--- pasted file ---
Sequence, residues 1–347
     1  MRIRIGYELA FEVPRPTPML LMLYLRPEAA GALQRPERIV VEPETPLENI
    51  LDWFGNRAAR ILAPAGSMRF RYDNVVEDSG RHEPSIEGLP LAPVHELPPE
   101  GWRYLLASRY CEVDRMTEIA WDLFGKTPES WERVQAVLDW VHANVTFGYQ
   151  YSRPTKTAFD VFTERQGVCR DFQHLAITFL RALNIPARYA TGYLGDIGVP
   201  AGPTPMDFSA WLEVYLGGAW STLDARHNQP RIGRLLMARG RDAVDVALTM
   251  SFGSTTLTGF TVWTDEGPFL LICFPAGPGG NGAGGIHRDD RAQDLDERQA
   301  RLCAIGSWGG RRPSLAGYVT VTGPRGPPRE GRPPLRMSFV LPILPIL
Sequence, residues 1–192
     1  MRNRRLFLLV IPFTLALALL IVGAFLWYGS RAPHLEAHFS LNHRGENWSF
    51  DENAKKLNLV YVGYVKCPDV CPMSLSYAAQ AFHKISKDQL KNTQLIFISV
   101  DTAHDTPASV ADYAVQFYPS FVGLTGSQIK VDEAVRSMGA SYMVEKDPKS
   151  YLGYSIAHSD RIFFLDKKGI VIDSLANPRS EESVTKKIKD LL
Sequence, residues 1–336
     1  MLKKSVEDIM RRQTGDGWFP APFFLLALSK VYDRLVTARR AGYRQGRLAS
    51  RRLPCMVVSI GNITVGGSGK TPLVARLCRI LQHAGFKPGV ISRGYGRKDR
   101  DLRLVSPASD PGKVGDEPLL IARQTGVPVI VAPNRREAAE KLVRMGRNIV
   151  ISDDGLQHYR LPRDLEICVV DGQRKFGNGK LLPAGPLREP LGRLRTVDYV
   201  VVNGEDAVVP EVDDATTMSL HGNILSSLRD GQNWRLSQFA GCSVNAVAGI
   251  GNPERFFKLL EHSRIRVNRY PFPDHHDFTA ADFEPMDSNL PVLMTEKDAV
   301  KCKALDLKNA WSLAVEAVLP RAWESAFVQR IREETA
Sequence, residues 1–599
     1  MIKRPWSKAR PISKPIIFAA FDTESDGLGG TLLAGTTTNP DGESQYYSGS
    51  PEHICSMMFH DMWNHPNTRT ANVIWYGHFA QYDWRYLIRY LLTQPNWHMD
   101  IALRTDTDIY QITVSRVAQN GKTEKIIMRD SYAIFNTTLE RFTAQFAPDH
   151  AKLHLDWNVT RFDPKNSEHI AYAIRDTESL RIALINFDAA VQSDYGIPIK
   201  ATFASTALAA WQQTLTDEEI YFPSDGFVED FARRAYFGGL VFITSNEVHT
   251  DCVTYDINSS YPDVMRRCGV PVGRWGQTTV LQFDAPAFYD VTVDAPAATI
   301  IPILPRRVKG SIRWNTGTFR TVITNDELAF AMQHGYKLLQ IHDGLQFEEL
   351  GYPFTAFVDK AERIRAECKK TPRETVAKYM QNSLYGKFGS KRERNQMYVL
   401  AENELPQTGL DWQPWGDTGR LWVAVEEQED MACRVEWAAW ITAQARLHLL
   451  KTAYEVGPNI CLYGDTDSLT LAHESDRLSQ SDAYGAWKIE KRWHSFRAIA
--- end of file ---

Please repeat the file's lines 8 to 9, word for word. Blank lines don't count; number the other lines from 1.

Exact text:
   301  RLCAIGSWGG RRPSLAGYVT VTGPRGPPRE GRPPLRMSFV LPILPIL
Sequence, residues 1–192